None of the shootouts or fights have anything special about them that make them memorable. It’s incredibly routine and by-the-numbers. It’s just see a bad guy, shoot them, they fall down or maybe sometimes fall from a high place.
The whole thing is shot in that handheld style with a grainy look to make it appear to be a hard-edged actioner. There are some shots of the dam with its water spilling out that momentarily gives the the film the illusion that this is a real pricey production, but then there’s obvious stock footage of flooded town and helicopters that stick out badly and bring you back down to reality of what you’re watching.
Willis is in this more than some of his other ‘Geezer Teaser’ films he’s appeared in. He doesn’t just pop up three times in the movie like in most of these. He does remain a consistent presence. Although, he mainly sits in the control room among his men during the duration, barks out commands and threatens some hostages. He doesn’t have any fun with his villainous turn.
I thought I noticed a real gruffness to Wills’ voice in parts of this. I’m not sure if that was actually him or it was just some bad re-dubbing that was done for him. These films have been notorious using body doubles and dubbing for Willis, so maybe that was it.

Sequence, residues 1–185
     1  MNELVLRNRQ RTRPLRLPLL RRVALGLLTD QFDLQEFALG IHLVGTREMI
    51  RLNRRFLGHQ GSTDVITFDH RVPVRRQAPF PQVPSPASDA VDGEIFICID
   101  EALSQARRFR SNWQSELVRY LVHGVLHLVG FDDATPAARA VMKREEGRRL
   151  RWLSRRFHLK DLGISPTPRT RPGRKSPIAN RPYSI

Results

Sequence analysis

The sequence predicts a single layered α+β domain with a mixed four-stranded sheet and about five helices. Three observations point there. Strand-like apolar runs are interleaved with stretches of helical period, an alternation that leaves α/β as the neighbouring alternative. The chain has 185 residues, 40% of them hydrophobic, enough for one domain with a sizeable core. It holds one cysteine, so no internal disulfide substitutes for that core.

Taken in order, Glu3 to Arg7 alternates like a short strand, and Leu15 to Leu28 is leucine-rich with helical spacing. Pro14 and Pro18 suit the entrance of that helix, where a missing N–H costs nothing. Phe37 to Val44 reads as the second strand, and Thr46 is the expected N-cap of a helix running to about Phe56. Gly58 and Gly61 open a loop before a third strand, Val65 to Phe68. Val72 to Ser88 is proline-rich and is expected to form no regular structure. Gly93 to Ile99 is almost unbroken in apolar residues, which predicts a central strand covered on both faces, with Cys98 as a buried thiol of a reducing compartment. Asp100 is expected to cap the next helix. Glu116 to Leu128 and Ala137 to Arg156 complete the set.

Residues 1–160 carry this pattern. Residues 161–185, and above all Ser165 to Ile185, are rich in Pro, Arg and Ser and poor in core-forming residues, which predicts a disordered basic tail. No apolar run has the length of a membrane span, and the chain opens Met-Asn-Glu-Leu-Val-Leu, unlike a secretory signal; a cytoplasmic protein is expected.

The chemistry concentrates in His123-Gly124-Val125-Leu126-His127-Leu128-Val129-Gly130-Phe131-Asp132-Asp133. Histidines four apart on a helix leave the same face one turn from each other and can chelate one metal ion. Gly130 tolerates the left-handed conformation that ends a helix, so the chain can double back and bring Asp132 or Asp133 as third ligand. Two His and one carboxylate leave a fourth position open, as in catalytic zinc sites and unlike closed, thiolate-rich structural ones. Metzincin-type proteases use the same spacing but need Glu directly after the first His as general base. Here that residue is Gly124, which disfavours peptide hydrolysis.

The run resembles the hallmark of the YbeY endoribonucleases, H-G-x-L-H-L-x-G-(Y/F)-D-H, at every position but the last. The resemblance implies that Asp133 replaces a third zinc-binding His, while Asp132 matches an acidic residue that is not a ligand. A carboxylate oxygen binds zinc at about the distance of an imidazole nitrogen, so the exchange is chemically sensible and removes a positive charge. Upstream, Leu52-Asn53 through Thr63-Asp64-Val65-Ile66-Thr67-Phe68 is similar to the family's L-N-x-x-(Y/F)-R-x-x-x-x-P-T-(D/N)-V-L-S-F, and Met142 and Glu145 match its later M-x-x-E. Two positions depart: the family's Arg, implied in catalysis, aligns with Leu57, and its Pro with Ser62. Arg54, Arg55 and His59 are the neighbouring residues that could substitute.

There was one real bizarre moment when Willis takes off his baseball hat – I could’ve sworn I heard the sound of a suction cup accompanying it! I’m not kidding!
Luckily for Willis, this crop of low-grade movies will not be remembered. He’ll forever be known for the quality films and roles he’s done – Die Hard, Pulp Fiction, The Fifth Element, The Sixth Sense, Moonlighting. All these cheapie movies he’s done will become a footnote.
That includes Deadlock.